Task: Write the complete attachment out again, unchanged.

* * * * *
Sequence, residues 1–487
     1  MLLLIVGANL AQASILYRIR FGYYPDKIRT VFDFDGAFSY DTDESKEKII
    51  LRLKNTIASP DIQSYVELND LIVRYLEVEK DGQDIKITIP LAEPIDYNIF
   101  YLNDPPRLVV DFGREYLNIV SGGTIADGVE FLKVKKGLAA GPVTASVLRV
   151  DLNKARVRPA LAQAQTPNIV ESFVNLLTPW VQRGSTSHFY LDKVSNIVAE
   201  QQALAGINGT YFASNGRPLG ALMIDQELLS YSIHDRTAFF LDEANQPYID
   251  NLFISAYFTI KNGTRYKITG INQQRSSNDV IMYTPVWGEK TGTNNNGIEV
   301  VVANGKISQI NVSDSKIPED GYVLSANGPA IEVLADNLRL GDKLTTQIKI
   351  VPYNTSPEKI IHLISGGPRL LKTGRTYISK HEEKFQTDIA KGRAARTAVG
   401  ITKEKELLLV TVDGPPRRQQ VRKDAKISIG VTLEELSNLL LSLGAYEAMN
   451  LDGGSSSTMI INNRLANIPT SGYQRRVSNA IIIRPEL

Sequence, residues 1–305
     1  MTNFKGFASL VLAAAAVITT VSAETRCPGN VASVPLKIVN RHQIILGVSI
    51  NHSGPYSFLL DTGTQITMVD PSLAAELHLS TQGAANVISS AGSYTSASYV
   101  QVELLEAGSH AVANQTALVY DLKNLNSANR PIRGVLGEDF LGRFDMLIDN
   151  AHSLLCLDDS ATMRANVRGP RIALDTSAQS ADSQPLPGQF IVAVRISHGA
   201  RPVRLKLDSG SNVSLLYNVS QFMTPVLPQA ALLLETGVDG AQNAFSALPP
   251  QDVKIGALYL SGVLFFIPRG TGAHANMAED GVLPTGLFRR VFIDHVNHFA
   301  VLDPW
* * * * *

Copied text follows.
Sequence, residues 1–487
     1  MLLLIVGANL AQASILYRIR FGYYPDKIRT VFDFDGAFSY DTDESKEKII
    51  LRLKNTIASP DIQSYVELND LIVRYLEVEK DGQDIKITIP LAEPIDYNIF
   101  YLNDPPRLVV DFGREYLNIV SGGTIADGVE FLKVKKGLAA GPVTASVLRV
   151  DLNKARVRPA LAQAQTPNIV ESFVNLLTPW VQRGSTSHFY LDKVSNIVAE
   201  QQALAGINGT YFASNGRPLG ALMIDQELLS YSIHDRTAFF LDEANQPYID
   251  NLFISAYFTI KNGTRYKITG INQQRSSNDV IMYTPVWGEK TGTNNNGIEV
   301  VVANGKISQI NVSDSKIPED GYVLSANGPA IEVLADNLRL GDKLTTQIKI
   351  VPYNTSPEKI IHLISGGPRL LKTGRTYISK HEEKFQTDIA KGRAARTAVG
   401  ITKEKELLLV TVDGPPRRQQ VRKDAKISIG VTLEELSNLL LSLGAYEAMN
   451  LDGGSSSTMI INNRLANIPT SGYQRRVSNA IIIRPEL

Sequence, residues 1–305
     1  MTNFKGFASL VLAAAAVITT VSAETRCPGN VASVPLKIVN RHQIILGVSI
    51  NHSGPYSFLL DTGTQITMVD PSLAAELHLS TQGAANVISS AGSYTSASYV
   101  QVELLEAGSH AVANQTALVY DLKNLNSANR PIRGVLGEDF LGRFDMLIDN
   151  AHSLLCLDDS ATMRANVRGP RIALDTSAQS ADSQPLPGQF IVAVRISHGA
   201  RPVRLKLDSG SNVSLLYNVS QFMTPVLPQA ALLLETGVDG AQNAFSALPP
   251  QDVKIGALYL SGVLFFIPRG TGAHANMAED GVLPTGLFRR VFIDHVNHFA
   301  VLDPW